Trade Wars, Oil, Denuclearization And How Trump Can Win Them All
The United States now has a potential opportunity to negotiate on trade and denuclearization through the global oil industry. Whether it was intentional or not, the Trump administration has found itself with an ace up its sleeve and an opportunity to get more out of China than most expected.
On November 4, 2018, U.S. sanctions against Iran’s oil industry will restart. For the time being, Iran is selling a lot of oil, hoping to get as much revenue as possible. Customers, for their part, are looking to buy cheap fuel while Iran is desperate. But many customers of Iranian oil are already making plans to stop their purchases when sanctions take effect . The French firm Total is abandoning a deal to develop an Iranian gas field, some Russian-owned companies are abandoning thoughts of working in Iran and plan to decrease purchases of Iranian oil, Indian refineries are ending purchases of Iranian oil, and European refineries are halting purchases as well.
China will likely end up being the last major customer of Iranian oil. In April, China purchased 9.6 million barrels per day of oil from global suppliers, according to China’s own data. That is almost as much oil as the U.S. or Saudi Arabia produces in a typical recent month, and yet China produces almost no oil of its own. Much of that oil imported by China comes from Saudi Aramco, which has ownership stakes in Chinese refineries and has long-term contracts for that market. A lot of the oil imported by China also comes from Russia via a new pipeline between the two countries. But China is always looking for more and cheaper oil to feed its growing refining and petrochemical manufacturing sector as well as its growing strategic petroleum reserve.
It will not be easy for China to continue or increase purchases from Iran. China faces the same problems that are forcing all of these other countries and companies to abandon their relationships with Iran. The United States can punish and fine almost any entity that violates unilateral U.S. sanctions with Iran. The U.S. can do this if the firm that does business with Iran also does business with U.S. entities (called secondary sanctions), and in this globalized economy almost every major business is tied to U.S. trade.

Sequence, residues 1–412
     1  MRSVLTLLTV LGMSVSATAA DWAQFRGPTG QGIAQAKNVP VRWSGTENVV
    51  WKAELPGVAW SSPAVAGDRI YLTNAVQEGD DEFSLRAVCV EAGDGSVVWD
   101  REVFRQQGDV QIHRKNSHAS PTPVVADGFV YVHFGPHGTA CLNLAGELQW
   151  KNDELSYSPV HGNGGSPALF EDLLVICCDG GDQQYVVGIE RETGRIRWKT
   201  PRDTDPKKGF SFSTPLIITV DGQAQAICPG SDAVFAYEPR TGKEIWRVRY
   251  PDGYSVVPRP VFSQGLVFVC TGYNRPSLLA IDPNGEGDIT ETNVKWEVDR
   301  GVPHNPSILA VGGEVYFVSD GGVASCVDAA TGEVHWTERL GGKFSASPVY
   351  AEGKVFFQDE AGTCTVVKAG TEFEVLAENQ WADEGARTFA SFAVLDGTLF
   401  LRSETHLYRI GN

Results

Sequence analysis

If China buys Iranian oil after November 4, it will not be able to pay in U.S. dollars, the traditional currency for oil trades. China could pay in its own currency, yuan, because Iran is desperate enough to accept it, but China cannot pay through any bank that wishes to do business with the U.S. or that bank will face punishment from the U.S. Even if China pays in yuan and goes through a special bank designated to avoid business with the U.S., it cannot use the typical international wire transfer means like SWIFT. Nor can China pay Iran in paper yuan, because Iran has no use for that currency. Iran cannot use yuan to pay its government employees or domestic vendors.
It is possible that Iran will barter its oil to China in exchange for goods and services such as assistance with Iran’s infrastructure. Chinese companies are currently contracted for such projects in Iran. However, this will not help Iran pay its government employees and vendors or improve its economic prospects.
The best situation for Iran and for China would be if Chinese banks and Chinese oil firms could receive an exemption from the U.S. Treasury department. Iran could then sell oil to China, which, through its exemption, could pay Iran. There would probably be a cap on the amount of oil China could buy under an exemption, so that the sales would not seriously improve the Iranian economy or lessen political pressure on the Iranian regime. At the same time, China could get cheap oil – something it wants.
The U.S. could use sanctions waivers on Iranian oil as a bargaining chip in its ongoing negotiations with China . In return for waivers to purchase Iranian oil, the U.S. could seek concessions in trade negotiations (primarily lower tariffs on American raw materials, food, and products) and further assistance in pressuring North Korea to denuclearize and possibly liberalize. China has the world’s second largest economy with few oil resources of its own. It is always looking for a good deal on oil. To be clear, the U.S. doesn’t have to give exemptions to China, it it could, as a powerful bargaining chip in broader negotiations.